UMBC held the first in a series of research symposiums with UMB
A grant for research and development encourages cross campus collaboration between UMBC and UMB. The program has generated new advancements in medicine, technology and science.
In January 2013, UMBC and University of Maryland, Baltimore established a Research and Innovation Partnership Seed Grant Program to encourage faculty from both universities to collaborate. The program allows faculty from both institutions to work across the campuses to advance research in medicine, technology and science.
Over $150,000 is available as grant money. Faculty from both UMBC and UMB can use it purchase equipment, conduct surveys and fund new improvements related to research.
Many faculty are also opting to use the grant money to train and mentor students in their respective areas of research, providing a unique opportunity for students to collaborate across campuses.
On Jan. 30 the first Research and Innovation Partnership Symposium was held at the Albin O. Kuhn library. With UMBC President Freeman Hrabowski and UMB President Jay Perman in attendance, the symposium celebrated the relationship between both universities.
During the event, recipients of the Research and Innovation Partnership Grant Program were also recognized for their innovative research and collaboration across campus boundaries.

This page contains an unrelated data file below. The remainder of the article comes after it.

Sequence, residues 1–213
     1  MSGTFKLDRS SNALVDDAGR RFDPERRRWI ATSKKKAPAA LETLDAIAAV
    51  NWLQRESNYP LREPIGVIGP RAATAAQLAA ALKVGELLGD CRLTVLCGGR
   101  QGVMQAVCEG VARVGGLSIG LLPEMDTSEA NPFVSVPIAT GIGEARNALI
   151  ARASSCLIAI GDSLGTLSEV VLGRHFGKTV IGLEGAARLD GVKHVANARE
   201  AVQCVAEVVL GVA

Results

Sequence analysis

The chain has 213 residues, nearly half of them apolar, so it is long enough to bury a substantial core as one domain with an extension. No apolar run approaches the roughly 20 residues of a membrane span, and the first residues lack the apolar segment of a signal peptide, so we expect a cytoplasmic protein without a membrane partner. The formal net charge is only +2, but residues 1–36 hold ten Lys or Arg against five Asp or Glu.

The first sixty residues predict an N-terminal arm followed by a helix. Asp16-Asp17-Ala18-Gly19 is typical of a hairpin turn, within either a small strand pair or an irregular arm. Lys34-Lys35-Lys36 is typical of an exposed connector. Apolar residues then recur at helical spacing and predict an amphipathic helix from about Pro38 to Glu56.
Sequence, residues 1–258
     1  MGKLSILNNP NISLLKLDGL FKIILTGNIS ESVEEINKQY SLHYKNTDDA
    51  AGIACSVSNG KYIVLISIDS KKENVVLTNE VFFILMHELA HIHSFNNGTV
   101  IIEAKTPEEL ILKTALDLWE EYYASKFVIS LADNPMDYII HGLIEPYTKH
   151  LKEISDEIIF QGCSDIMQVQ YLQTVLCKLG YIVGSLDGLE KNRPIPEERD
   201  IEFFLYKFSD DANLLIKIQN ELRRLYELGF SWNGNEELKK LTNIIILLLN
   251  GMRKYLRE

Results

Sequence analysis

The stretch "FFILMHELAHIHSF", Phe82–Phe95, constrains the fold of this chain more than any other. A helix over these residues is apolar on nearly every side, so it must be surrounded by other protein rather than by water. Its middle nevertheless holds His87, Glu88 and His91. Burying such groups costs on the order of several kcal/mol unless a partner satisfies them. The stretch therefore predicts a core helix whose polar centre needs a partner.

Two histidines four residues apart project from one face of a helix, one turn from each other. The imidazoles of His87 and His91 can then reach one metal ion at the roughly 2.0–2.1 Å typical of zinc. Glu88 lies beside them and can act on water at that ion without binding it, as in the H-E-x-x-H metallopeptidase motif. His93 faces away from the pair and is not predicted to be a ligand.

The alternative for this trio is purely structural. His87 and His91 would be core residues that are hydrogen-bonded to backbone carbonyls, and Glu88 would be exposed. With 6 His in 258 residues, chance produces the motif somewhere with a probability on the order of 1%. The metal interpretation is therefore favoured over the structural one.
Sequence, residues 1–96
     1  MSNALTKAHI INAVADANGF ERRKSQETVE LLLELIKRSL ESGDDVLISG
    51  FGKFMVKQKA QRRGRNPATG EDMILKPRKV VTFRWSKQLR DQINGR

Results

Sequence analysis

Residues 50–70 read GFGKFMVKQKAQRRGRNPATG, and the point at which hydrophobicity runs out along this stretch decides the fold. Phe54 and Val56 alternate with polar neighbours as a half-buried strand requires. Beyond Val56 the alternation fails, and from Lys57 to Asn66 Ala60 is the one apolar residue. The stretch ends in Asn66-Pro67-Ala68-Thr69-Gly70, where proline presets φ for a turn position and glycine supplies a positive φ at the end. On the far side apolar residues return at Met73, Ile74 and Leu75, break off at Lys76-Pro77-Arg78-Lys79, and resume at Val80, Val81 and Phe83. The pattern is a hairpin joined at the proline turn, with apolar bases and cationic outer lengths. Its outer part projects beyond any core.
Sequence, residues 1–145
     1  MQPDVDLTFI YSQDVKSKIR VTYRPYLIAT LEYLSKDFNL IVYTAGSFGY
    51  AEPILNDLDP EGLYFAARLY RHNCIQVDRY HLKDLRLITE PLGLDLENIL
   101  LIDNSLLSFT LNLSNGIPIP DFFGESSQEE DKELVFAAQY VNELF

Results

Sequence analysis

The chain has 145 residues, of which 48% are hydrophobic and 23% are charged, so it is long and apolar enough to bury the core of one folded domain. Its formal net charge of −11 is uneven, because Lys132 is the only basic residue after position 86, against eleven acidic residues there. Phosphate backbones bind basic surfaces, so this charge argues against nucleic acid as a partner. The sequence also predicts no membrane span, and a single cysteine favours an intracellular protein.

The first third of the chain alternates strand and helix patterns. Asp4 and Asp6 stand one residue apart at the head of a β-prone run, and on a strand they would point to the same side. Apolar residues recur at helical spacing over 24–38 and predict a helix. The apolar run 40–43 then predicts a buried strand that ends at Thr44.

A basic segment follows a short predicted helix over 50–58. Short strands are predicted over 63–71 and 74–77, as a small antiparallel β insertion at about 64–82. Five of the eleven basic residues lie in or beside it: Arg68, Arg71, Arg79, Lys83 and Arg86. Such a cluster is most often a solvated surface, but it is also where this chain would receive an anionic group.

Yvonne Maddox, acting director of the National Institute of Health on Minority Health and Health Disparities, was the keynote speaker during the symposium. Maddox emphasized the importance of the union, noting that UMBC and UMB are setting a precedent for the future.
Karl V. Steiner, vice president of research for UMBC said, “it serves as an important milestone for us to take stock of how far we have come with our relationship,” in reference to the affiliation with UMB. Steiner noted the symposium was a reminder of, “how much work and opportunities still [lie] ahead,” in fields of science and technological research.
The event also celebrated previous successful pairings that have benefitted from the grant money and the union occurring between the two institutions. Charles Biebrich, a UMBC Professor of Biological Sciences and Paul Shapiro, a UMB Professor of Pharmaceutical Sciences were previous recipients of the grant award to fund their research.
Through collaboration, Biebrich and Shapiro combined their knowledge within their specialized fields to develop a new innovation in medical research.
Shapiro conducted research and developed a new drug designed to target cancer cells resistant to treatment, while Biebrich structured a plan to successfully test the effectiveness of the new drug.
As recipients of the Research and Innovation Partnership Grant Program, Biebrich stated, “We were able to show, using the support of our seed grant, that this actually does work.”
During the Research and Innovation Symposium, UMBC President Freeman Hrabowski captured the spirit of the event stating the African proverb, “If you want to go fast, you go alone. If you want to go far, you go together.”
This pact between UMBC and UMB is proof that cross-collaboration improves the quality of research, allowing both universities the opportunity to excel in innovation.